Is a Happy Ending a Journey to Dullsville?

“A Protagonist and his story can only be as intellectually fascinating and emotionally compelling as the forces of antagonism make them.” ~ Robert McKee from Story

While reading a Jane Friedman article by Ken Brosky, The Biggest Mistake Even Expert Writers Make, I understood the relationship between conflict (or antagonism) and character development in a new way. I saved the article in my email queue since January! I’m so glad I read it, and you may find it interesting too. Click on its title above to link to it.

I reflected on the dance between internal/external conflict vs. character growth. How to keep it a tango rather than a waltz? As a writer, I’m unwilling to make the plot a miserable terror driven action thriller or a negative soul-wrenching internal horror fest. I like stories featuring high stakes, but also fun and gentler moments. But how do I keep quieter scenes from reading as frivolous or boring? Or if I keep the tension at breakneck antagonism, won’t a happy resolution lack believability?

It dawned on me, character growth doesn’t imply the world eases up on them. (Internally nor Externally) Does the world truly ease up on anyone? No, we learn to handle it.

So character growth doesn’t require a sudden lack of issues. They learn to confront conflict – or at least their central story conflict – with more capability and confidence. In a good story, this doesn’t happen fully, and certainly not all at once. Solving dilemmas in life often leads to other dilemmas. Maybe you ease your stress level by begging out of a social date, but then you feel an added stress of letting down your friend. These subtle frictions keep happy stories interesting.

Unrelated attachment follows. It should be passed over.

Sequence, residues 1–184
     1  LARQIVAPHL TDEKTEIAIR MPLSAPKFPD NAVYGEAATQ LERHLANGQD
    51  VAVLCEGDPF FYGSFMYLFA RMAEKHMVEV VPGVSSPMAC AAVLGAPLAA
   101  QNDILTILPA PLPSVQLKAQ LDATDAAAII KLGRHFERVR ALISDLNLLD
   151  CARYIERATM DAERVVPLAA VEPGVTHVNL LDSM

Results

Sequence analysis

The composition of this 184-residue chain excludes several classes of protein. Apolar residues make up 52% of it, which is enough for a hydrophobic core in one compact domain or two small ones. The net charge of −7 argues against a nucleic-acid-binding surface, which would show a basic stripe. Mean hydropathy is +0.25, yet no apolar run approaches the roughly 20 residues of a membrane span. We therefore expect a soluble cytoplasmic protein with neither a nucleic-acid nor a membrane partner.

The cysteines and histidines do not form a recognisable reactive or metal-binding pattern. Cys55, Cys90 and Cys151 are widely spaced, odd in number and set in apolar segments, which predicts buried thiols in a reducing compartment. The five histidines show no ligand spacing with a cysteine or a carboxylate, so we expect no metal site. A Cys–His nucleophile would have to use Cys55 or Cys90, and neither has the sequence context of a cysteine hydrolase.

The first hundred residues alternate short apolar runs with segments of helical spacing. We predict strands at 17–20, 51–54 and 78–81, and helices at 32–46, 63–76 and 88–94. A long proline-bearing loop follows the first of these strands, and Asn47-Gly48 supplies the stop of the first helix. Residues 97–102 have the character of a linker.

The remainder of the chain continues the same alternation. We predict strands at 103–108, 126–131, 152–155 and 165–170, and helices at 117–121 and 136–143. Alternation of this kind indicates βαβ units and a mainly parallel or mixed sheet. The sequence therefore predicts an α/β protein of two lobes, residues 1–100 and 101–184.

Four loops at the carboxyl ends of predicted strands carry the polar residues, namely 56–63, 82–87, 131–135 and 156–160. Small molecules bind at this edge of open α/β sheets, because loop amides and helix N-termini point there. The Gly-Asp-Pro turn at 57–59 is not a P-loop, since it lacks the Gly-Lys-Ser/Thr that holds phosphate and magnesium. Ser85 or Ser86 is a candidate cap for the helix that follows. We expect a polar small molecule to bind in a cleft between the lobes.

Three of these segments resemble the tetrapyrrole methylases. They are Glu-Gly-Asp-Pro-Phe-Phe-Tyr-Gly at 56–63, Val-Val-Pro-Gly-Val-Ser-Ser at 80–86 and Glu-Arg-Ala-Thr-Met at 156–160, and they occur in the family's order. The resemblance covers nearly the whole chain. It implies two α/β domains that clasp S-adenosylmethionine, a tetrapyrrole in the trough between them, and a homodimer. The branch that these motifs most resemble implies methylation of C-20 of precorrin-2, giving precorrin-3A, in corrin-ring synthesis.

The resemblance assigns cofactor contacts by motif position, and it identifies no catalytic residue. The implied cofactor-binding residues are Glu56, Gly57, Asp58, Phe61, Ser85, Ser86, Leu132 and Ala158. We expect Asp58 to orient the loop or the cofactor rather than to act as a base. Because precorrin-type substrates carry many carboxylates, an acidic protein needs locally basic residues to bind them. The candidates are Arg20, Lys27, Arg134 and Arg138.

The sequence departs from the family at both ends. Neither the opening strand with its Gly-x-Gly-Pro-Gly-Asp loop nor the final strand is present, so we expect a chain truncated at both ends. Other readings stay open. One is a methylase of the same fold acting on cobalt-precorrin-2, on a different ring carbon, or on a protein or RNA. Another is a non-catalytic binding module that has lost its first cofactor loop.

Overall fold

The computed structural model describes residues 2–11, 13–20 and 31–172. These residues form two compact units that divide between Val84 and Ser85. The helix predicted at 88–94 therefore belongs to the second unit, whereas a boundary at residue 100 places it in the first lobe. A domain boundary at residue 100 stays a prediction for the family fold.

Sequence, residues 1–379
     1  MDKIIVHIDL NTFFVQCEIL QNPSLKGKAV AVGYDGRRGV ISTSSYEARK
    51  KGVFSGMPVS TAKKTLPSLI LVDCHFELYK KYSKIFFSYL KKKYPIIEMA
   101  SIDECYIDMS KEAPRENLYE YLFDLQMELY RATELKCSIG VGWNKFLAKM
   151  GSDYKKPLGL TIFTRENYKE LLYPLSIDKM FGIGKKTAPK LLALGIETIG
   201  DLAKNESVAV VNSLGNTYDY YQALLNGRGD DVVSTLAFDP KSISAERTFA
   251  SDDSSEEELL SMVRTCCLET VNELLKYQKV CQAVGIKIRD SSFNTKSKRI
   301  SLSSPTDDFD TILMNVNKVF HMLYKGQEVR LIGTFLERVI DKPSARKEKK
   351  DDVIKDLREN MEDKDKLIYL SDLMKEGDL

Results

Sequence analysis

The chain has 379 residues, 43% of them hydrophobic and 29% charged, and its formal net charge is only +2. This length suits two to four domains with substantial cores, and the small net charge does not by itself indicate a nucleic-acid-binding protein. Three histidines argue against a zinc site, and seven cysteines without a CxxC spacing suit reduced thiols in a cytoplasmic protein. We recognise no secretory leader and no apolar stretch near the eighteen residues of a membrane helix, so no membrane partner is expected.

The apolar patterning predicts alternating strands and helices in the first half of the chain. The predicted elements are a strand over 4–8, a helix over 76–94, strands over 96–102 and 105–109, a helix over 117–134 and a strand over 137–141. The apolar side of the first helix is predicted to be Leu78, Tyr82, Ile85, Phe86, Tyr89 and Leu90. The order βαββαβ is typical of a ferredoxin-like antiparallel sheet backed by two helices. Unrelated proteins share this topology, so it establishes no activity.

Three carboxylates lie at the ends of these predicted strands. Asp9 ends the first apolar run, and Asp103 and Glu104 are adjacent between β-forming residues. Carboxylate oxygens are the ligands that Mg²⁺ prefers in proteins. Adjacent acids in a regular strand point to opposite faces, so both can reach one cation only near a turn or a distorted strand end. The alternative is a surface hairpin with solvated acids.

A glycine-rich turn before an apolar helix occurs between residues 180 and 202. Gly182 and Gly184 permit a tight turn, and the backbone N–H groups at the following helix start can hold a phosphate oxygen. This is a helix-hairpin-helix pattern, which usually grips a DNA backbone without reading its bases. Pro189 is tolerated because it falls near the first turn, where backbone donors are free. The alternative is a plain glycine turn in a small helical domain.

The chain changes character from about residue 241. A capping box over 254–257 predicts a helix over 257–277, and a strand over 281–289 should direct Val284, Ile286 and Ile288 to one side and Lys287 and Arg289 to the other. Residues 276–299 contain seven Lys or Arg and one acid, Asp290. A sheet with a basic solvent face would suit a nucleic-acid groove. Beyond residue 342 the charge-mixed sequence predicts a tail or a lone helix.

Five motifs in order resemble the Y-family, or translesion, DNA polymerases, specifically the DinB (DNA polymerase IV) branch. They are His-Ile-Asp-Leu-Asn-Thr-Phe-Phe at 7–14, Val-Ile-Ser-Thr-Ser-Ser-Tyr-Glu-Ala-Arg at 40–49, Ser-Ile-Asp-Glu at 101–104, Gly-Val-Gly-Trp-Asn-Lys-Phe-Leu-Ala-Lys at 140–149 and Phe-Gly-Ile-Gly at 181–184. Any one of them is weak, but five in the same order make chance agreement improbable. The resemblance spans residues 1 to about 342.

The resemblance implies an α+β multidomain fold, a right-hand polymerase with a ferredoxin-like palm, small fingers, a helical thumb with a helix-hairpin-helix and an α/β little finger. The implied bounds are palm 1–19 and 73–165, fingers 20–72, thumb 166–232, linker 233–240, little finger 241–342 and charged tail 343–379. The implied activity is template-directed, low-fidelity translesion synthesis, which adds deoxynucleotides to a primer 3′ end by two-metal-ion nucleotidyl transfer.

A physical example is summed up in our common saying, ‘Out of the frying pan, into the fire.’ But this doesn’t mean endless plot hell-raising. Waves are generally more satisfying, and so is a combo of inner and outer tensions. Story conflict can remain or ramp up yet be simultaneously resolved by the character’s change/growth, and then growth can cause more upset. Any discomfort for the character will urge the reader to turn pages till the end.

And a happy or satisfying ending doesn’t mean all challenges should be gone and somehow life becomes perfect. A journey where troubles/feelings are resolved that well can be a road to dullsville. It also risks destroying relatability and perhaps credibility.

Instead, a satisfying happy ending leaves the reader feeling the character will be okay, even when trouble comes. My goal is to provide trust that the character (and vicariously my reader) has learned to handle it.

Happy Travels! ~KJQ

10 Comments Add yours

  1. judeitakali says:

    Great advice.
    I do think happy endings can still be realistic, but yes, happiness does come with a cost.

    Liked by 1 person

    1. This came up since I’ve met writers that believe they can’t give a pleasant conclusion that’s satisfying. I think it’s exactly that cost, or at least wisdom of overcoming obstacles that makes it compelling when ‘happy’. Thanks for your comment! 😀

      Liked by 1 person